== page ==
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Timotheus

Two books that confused me

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Hello, I'm new to C++ programming and have been looking for a nice beginner book to start with. I found these two books, "Beginning Visual C++ 6" and "Beginning ANSI C++: The Complete Language" both from Ivor Horton. I would like to ask what are the differences between the two books, since both of them have quite a high rating. I'm planning to buy one, which should I get? Beginning Visual C++ 6 Beginning ANSI C++: The Complete Language By the way, are there any other beginner books that I should get? Thanks. [Edit: Hiding the URLs in the titles causes the page not to be overly wide, at least for me.[smile] - Oluseyi] [Edited by - Timotheus on December 14, 2004 10:18:53 AM]

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I have not read either of the books so I may very well be wrong here, but here goes: I would think that "beginning Visual C++ 6" is about C++, the Visual C++ IDE
and the compiler that comes with it and Windows programming. While "Beginning ANSI C++" is about just C++. I would pick up the "Beginning ANSI C++" book for learning
C++.

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Thanks for the reply.

I just compared the table of contents for both books. It seems that "Beginning ANSI C++" starts from the basic to classes, inheritance, polymorphism etc. while "Beginning Visual C++" also teaches Windows programming, DLL, ActiveX etc.

Which should I get? Thanks.

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Get the one that's not about windows programming. I got that book, it's bad and it introduces too much too quickly. Just start with the language first, then get to the API (or MFC in VC++ 6's case).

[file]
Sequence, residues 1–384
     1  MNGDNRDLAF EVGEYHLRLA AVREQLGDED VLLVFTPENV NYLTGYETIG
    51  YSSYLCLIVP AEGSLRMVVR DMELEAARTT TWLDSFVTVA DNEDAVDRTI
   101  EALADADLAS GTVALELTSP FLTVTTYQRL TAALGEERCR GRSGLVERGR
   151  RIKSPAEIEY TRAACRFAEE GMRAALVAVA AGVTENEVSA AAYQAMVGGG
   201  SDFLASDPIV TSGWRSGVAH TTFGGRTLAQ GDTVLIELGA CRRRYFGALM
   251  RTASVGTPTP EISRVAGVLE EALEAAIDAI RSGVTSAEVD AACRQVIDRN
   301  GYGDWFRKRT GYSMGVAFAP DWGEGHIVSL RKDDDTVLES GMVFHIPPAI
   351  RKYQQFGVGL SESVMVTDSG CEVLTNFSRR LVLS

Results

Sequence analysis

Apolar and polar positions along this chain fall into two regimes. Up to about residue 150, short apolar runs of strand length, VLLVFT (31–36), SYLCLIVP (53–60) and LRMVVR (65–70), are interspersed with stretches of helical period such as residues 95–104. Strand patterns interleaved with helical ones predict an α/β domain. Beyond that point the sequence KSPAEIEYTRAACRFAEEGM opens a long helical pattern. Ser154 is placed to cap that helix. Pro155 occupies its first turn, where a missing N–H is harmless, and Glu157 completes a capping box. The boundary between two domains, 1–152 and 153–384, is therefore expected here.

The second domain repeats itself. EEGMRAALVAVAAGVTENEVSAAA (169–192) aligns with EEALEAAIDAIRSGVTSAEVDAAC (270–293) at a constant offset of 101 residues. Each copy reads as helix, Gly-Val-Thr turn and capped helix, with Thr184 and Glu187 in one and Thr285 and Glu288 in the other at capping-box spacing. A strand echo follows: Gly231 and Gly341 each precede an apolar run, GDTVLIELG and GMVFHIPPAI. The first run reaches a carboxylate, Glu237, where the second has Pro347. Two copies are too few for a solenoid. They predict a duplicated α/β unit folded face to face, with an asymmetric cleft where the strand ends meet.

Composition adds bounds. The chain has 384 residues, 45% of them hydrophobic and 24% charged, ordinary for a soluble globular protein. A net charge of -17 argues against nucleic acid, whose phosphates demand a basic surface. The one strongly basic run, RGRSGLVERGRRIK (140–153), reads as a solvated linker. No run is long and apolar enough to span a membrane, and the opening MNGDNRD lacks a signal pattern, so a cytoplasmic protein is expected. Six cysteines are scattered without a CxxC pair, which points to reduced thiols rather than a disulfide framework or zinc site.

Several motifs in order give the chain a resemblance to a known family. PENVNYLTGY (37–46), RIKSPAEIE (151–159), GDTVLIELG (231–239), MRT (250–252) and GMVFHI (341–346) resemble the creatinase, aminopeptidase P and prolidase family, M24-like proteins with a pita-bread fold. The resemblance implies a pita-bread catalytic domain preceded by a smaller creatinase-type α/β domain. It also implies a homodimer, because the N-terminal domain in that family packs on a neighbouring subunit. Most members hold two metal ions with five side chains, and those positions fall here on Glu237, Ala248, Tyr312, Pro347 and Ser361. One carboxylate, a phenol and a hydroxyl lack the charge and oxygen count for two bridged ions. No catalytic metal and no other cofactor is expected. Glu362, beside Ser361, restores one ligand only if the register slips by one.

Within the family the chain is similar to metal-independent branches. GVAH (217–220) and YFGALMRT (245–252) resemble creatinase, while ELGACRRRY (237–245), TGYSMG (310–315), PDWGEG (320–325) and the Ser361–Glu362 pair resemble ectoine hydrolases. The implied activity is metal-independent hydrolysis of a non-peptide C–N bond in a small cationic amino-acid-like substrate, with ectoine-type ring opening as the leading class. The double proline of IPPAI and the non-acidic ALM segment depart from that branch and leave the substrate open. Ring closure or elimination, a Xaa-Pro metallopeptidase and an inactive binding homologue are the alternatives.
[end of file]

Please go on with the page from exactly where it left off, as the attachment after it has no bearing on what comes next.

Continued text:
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I would imagine that Begining Visual C++ 6 is all about Visual C++ 6. It's a great tool for writing quick applications. There's wizards and stuff that allow you to make ATL and MFC apps fairly painlessly if you know what you're doing.

I own Beginning ANSI C++: The Complete Language. It has saved me many times from having to post on a forum and look like a complete idiot. I'm sure that book would be good to start learning from, and even serve as a good reference so long as the ANSI standard doesn't change too much in the future.

Personally, I would start with the ANSI C++ book first to get a feel for the language, and then if you feel comfortable with it move on to something a little crazier. The book looks intimidating when you first look at it, but there is a LOT of information in there. Including the appendices and index, it's about 1,100 pages. If you take the time to read through it and understand as much as you can, then I'm sure you'll be happy with the results.

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I highly recommend you get the Beginning C++ Book from Ivor Horton since Beginning Visual C++ is more targeted for people who know how to code C/C++ but need to know the essential to code for windows.

The ANSI C++ book teaches you everything you will ever need as far as C++ goes plus there is a special on www.halfpricecomputerbooks.com

All the Wrox Press books are 7$ each so if you're not sure.... get them both :) but I'm telling you ... for learning Windows programming there are better books than Learning Visual C++ 6. Start off with the Learning C++ book and then check out what other books can help you for Win32 or ..... MFC...... Programming.

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I forgot to give you the link for it since the book you have seen called Beginning ANSI C++ is the 3rd edition of the book I was talking about. the one at 7$ on special is the second edition but Still very valuable notheless.

here is the URL ^_^

http://www.halfpricecomputerbooks.com/book/186100012X

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